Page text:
Owner of former Vick home faces cruelty charges
The founder of a dog sanctuary at NFL star Michael Vick’s former
dogfighting compound said Monday that she was shocked to learn that
she faces charges of animal cruelty and inadequate care of
Tamira Thayne said in a telephone interview from her Dogs
Deserve Better operation in Surry County that she read a newspaper
report about the charges, but had neither spoken to authorities nor
been served warrants.
”I know nothing about it,” Thayne said. ”I just got home from
my honeymoon in St. Lucia. Apparently I was abusing dogs while I
Surry County Chief Animal Control Officer Tracy Terry said her
office received complaints that led to an investigation, and the
results prompted her to file the charges Friday. She declined to
say specifically what led to the charges, but said Thayne should
not be surprised.
”There’s certain things I just can’t disclose right now,” the
A hearing is set for Sept. 25 in Surry County General District
Court on the inadequate care charge. No hearing date is set on the
cruelty count. Both charges are misdemeanors.
Thayne insisted she and her employees have done nothing
”We take special pains to make sure our dogs are safe and
happy,” she said. ”They have a great life here. Vick tortured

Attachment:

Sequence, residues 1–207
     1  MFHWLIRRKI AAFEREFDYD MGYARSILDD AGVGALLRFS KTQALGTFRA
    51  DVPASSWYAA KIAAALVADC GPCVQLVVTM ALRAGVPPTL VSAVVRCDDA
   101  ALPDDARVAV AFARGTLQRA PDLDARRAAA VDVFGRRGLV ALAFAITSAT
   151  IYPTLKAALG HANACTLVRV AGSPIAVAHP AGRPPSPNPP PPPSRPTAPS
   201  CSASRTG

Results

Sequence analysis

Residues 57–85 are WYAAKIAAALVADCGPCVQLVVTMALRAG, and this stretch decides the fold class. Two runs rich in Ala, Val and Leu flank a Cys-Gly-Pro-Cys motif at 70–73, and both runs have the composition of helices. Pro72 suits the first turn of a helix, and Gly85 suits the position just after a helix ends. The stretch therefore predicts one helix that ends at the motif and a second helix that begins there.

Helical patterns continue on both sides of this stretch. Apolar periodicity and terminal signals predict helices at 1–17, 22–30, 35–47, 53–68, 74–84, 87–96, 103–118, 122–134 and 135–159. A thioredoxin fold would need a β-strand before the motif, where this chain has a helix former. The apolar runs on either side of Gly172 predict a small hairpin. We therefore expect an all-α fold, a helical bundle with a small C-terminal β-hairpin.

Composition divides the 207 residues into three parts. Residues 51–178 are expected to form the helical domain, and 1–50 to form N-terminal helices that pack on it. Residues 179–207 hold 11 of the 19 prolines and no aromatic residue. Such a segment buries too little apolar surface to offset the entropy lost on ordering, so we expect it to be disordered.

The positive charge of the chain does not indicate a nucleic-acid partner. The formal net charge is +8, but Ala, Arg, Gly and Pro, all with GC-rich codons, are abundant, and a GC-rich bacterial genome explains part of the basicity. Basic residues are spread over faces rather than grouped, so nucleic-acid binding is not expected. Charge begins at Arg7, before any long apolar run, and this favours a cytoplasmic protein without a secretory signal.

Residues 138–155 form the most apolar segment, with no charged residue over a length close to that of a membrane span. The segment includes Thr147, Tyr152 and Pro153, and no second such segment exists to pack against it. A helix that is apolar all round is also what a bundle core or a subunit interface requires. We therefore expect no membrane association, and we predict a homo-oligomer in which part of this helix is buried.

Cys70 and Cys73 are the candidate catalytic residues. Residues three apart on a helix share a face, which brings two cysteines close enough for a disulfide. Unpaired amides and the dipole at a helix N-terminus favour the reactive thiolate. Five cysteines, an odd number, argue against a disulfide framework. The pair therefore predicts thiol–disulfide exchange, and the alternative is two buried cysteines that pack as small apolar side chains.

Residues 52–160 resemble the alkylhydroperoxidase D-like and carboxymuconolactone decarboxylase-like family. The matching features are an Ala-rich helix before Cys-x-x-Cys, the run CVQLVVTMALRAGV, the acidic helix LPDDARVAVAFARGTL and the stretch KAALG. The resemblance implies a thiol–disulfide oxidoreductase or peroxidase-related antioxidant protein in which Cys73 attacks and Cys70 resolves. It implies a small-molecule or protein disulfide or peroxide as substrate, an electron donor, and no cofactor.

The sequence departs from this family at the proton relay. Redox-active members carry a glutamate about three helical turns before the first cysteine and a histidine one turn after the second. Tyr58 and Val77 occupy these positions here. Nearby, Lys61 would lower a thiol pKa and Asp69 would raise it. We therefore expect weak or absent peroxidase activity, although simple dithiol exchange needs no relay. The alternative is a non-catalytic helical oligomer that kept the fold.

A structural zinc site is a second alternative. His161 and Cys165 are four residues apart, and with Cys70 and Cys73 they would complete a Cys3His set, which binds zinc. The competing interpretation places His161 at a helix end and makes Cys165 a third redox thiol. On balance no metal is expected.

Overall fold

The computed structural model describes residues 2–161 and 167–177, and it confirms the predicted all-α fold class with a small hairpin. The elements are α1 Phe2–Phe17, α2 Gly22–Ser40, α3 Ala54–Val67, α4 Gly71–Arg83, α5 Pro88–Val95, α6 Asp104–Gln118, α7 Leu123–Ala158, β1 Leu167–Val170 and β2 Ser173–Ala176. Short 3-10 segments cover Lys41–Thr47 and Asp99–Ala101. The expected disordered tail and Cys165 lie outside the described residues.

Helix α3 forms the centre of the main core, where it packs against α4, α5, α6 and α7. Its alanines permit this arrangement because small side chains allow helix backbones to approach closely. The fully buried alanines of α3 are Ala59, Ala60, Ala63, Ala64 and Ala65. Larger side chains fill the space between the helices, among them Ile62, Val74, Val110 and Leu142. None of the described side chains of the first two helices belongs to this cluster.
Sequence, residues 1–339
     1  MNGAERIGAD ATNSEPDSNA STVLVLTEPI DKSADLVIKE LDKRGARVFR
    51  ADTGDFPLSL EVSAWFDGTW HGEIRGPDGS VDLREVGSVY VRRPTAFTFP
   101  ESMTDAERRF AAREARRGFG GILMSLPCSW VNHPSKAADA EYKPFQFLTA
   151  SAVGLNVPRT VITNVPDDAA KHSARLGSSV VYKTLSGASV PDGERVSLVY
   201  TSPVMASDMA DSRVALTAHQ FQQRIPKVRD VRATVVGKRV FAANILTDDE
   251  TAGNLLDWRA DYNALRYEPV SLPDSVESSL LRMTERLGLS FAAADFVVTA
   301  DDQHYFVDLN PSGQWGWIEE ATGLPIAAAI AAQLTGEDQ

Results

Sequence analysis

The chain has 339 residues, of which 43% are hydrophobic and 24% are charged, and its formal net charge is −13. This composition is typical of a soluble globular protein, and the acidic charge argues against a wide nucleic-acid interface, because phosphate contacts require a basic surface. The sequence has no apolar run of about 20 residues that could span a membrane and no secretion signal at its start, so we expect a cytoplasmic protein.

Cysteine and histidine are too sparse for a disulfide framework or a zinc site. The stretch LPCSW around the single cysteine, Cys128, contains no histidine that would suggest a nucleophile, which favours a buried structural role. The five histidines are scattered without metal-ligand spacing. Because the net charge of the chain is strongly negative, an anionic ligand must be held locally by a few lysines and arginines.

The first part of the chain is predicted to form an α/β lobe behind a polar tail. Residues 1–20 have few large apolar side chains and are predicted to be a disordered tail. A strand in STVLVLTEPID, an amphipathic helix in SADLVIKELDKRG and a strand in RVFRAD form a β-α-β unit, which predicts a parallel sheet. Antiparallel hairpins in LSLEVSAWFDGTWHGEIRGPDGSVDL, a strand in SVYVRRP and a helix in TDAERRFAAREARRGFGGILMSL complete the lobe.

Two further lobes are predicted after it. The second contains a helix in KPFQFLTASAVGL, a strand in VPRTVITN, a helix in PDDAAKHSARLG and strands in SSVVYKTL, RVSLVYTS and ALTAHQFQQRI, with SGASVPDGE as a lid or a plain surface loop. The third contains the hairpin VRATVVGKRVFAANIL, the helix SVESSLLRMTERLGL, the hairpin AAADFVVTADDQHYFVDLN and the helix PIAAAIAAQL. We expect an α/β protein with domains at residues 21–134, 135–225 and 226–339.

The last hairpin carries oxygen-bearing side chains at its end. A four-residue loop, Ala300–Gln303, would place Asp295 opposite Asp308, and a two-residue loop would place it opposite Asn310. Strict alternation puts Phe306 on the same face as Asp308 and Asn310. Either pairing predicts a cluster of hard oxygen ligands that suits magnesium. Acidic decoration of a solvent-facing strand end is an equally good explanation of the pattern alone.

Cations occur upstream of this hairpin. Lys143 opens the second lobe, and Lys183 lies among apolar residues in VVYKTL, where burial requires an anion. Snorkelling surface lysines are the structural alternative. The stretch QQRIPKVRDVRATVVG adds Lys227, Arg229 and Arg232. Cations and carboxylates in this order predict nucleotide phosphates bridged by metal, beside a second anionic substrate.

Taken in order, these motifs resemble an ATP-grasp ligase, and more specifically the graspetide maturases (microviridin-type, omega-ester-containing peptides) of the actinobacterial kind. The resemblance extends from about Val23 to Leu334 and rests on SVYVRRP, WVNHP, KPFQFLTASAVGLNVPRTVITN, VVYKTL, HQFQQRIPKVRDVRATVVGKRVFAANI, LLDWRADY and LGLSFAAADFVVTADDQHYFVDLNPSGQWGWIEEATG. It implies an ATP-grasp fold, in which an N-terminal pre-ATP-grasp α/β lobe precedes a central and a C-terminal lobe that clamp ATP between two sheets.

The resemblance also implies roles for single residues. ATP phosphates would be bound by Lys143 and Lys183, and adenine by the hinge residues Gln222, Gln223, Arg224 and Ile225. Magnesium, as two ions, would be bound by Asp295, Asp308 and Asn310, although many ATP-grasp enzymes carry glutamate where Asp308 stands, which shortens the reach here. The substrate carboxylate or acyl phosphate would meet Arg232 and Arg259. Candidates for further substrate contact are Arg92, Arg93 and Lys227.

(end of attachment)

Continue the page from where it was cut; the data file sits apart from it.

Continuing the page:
dogs to death and never once got charged with animal cruelty.
Somebody needs to tell me what the hell is going on here.”
Vick, the Philadelphia Eagles quarterback, served 18 months in
prison after pleading guilty in federal court to participating in
an interstate dogfighting conspiracy. The enterprise operated out
of his five-bedroom home and 15-acre property in rural Surry
County, which he sold to a developer after he was charged. Thayne’s
organization bought the former Bad Newz Kennels property last year
for about $600,000 and turned it into a sanctuary for dogs that
have been chained and penned.
Terry said Dogs Deserve Better has been operating without state
”The state veterinarian told her in January they were not going
to approve her until she rectified some things,” Terry said.
Thayne said she thought she was in good graces with the
”They told us to do certain things and we did them, and I
haven’t heard from them,” she said. ”To my knowledge, we’ve done
everything they asked us to do.”
Thayne said her facility currently is caring for nine dogs,
including her personal pet. She said they all live in the house,
not out back where Vick and his associates kept dogs penned and
chained and put them through brutal test fights. According to court
papers in the cases of Vick and his codefendants, Vick bankrolled
the operation and joined others in killing some dogs that did not
perform well in the tests.
Since his release from prison in 2009, Vick has worked with the
Humane Society of the United States to stop organized animal
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